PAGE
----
The much-anticipated next generation of wireless networking, 802.11ax, better known as Wi-Fi 6, has arrived, and it promises significant improvements over the current 802.11ac standard (now dubbed Wi-Fi 5 by the Wi-Fi Alliance). Faster throughput speeds, better battery life for clients, and less bandwidth congestion are some of the most obvious reasons for upgrading to the new standard, but there are some important things to consider before you run out and buy a Wi-Fi 6 router.
A lot has been written about Wi-Fi 6 up to this point, but here’s a brief rundown on what to expect from the newest 802.11 wireless standard. (For more history, check out our explainer.) Wi-Fi 6 routers employ several new technologies that are designed to boost overall performance by offering increased throughput speeds (nearing 10Gbps, theoretically, compared with max speeds of around 3Gbps with 802.11ac).
In addition, Wi-Fi 6 aims to relieve network congestion, provide greater client capacity, and reduce client power consumption. For example, Wi-Fi 6 uses Orthogonal Frequency-Division Multiple Access (OFDMA) modulation, which allows up to 30 clients to share a channel at the same time, thereby improving efficiency by boosting overall capacity while reducing latency. Long story short, OFDMA assigns time intervals to clients that allows them to better parse out available network channels. For example, if one person in your home is streaming a movie and another is checking social media on a phone, OFDMA allows a router to assign channels to each device based on when it needs it most.
Wi-Fi 6 also uses Target Wake Time (TWT), which allows devices to determine when they will normally wake up to begin sending and receiving data. This extends the battery life of mobile devices such as smartphones and tablets, as well as battery-powered smart home devices such as security cameras and video doorbells. The new standard also takes advantage of previously unused radio frequencies to provide faster 2.4GHz performance, and it uses refined bandwidth management to provide enhanced Quality of Service (QoS) options. Additionally, Wi-Fi 6 offers eight-stream uplink and downlink Multi-User Multiple Input Multiple Out (MU-MIMO), which streams data simultaneously rather than sequentially, allowing a more equitable sharing of bandwidth among connected MU-MIMO enabled clients. Wi-Fi 5 MU-MIMO topped out at four streams.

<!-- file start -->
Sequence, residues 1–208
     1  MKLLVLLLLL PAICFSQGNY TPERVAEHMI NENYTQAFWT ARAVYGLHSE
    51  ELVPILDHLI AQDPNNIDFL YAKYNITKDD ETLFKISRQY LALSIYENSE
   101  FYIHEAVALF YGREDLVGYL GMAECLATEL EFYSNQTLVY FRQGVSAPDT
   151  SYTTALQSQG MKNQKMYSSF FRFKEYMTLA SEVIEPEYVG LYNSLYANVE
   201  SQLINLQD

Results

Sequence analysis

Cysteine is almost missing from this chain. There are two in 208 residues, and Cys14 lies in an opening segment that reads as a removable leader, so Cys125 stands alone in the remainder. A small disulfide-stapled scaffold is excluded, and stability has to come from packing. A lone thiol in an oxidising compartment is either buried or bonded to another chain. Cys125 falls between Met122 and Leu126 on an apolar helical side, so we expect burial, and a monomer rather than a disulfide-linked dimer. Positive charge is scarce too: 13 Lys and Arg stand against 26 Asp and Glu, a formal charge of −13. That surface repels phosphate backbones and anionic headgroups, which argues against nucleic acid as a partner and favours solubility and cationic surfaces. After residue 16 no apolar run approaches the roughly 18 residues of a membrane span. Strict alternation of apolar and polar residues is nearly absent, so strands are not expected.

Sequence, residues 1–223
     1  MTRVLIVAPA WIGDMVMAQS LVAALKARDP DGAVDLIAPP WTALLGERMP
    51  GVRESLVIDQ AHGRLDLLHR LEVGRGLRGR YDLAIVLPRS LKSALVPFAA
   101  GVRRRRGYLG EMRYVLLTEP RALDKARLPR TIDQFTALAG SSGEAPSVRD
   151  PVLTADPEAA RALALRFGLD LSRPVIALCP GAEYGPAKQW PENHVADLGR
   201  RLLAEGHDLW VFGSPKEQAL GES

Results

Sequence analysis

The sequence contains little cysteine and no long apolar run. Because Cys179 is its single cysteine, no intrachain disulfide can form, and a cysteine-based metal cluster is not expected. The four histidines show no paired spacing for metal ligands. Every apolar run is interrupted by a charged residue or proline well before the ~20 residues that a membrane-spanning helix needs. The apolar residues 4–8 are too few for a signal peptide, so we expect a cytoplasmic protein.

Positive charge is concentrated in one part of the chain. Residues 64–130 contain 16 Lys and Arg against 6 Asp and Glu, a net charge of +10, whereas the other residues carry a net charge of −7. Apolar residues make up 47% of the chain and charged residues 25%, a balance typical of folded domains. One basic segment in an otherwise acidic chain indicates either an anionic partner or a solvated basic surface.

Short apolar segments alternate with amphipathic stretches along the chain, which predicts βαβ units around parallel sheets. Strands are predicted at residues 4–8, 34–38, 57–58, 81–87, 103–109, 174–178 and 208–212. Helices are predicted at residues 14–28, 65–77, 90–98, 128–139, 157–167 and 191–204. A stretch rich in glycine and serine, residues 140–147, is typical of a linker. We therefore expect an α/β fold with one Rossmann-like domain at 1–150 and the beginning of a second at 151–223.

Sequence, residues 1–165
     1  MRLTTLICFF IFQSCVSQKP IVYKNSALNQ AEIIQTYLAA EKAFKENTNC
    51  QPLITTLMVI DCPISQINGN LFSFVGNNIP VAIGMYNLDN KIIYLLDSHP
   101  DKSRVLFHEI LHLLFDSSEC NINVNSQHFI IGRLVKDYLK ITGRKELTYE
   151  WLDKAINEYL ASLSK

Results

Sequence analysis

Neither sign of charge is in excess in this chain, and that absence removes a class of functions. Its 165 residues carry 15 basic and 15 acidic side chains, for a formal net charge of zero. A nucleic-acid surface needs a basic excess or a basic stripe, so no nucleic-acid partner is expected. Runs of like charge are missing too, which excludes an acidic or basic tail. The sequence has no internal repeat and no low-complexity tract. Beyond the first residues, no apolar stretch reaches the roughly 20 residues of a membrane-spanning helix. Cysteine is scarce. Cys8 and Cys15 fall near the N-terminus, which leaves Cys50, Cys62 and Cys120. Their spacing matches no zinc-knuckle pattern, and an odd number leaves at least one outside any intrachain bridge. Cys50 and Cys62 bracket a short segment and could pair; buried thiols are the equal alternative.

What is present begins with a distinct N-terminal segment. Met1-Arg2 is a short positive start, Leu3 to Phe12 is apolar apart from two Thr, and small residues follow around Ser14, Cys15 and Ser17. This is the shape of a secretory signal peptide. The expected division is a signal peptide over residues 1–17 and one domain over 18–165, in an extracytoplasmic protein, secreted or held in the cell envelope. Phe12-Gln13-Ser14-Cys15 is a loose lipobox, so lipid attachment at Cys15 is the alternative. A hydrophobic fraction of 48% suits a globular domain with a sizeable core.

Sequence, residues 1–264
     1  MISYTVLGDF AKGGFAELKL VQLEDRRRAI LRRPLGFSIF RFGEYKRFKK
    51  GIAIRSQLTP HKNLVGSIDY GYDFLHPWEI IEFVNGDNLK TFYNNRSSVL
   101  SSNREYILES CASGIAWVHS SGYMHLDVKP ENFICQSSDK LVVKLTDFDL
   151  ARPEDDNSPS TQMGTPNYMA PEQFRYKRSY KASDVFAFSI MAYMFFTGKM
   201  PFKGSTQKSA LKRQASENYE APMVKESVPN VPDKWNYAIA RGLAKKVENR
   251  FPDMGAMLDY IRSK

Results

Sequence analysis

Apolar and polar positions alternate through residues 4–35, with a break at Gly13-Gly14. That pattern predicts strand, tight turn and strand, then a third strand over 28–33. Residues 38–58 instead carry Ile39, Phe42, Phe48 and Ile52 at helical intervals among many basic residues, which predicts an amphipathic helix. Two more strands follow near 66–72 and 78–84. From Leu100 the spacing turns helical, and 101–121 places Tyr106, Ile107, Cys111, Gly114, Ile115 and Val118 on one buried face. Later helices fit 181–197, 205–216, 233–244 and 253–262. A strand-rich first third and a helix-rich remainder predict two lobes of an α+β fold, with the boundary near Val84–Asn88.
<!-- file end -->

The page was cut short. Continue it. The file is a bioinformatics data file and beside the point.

The short answer is, probably not. You can find a handful of Wi-Fi 6 routers on the market right now (see our reviews of the Asus RT-AX88U and the Netgear Nighthawk AX8). More are showing up every day, and they are all backward-compatible with previous-generation clients. But to realize the faster speeds, improved range, reduced power consumption, and other benefits that you get with Wi-Fi 6, you’ll have to use Wi-Fi 6-enabled clients, and as of this writing they are few and far between.
Devices that support the latest protocol are just starting to roll out, but keep in mind that even those are using a form that is still in draft. PCs with Intel Ice Lake CPUs will support the protocol, but those are just now slowly starting to go on sale. Smartphones with Qualcomm’s Snapdragon 855 processor, including the OnePlus 7 Pro and the Samsung Galaxy S10, also support Wi-Fi 6. If you don’t have a Wi-Fi 6-enabled device, there are also aftermarket adapters available.
Remember that Wi-Fi 6 is still only in draft form. The Wi-Fi 6 standard is not yet finalized and is not expected to be ratified until later this year. That means that early routers and clients may not offer all the features that Wi-Fi 6 promises. And, as was the case with Wi-Fi 4 and Wi-Fi 5, there will likely be two waves of Wi-Fi 6 devices as features are fine-tuned and finalized. That said, the Wi-Fi Alliance is expected to begin certifying Wi-Fi 6 devices sometime in Q3 of 2019, and final IEEE approval is expected sometime toward the end of Q4 2019.
Also required will be support for 1,024-QAM (Quadrature Amplitude Modulation), a method that allows more data to be packed into each signal for increased throughput, offering 25 percent more capacity than the 256-QAM method used in most Wi-Fi 5 routers. Finally, devices must have Target Wake Time power-scheduling capabilities. All this jargon is a lot to unpack, but rest assured that any device you get that supports the final Wi-Fi 6 standard will have all these features in place.
As it stands here in the summer of 2019, Wi-Fi 6 may still be baking, but it’s likely to be a game changer once it fully rolls out. So, what’s the bottom line on upgrading now? If you’re currently using a Wi-Fi 5 (802.11ac) router with a mix of Wi-Fi 4 (802.11n) and Wi-Fi 5 clients, and it’s getting the job done, there’s no reason to replace it with a Wi-Fi 6 router. On the other hand, if you’re building a new network and want to be ready for the onslaught of Wi-Fi 6 clients that will eventually hit the shelves, future-proofing with a Wi-Fi 6 router is a smart choice. Just be aware that the technology is likely to evolve and additional features could be added at a later time.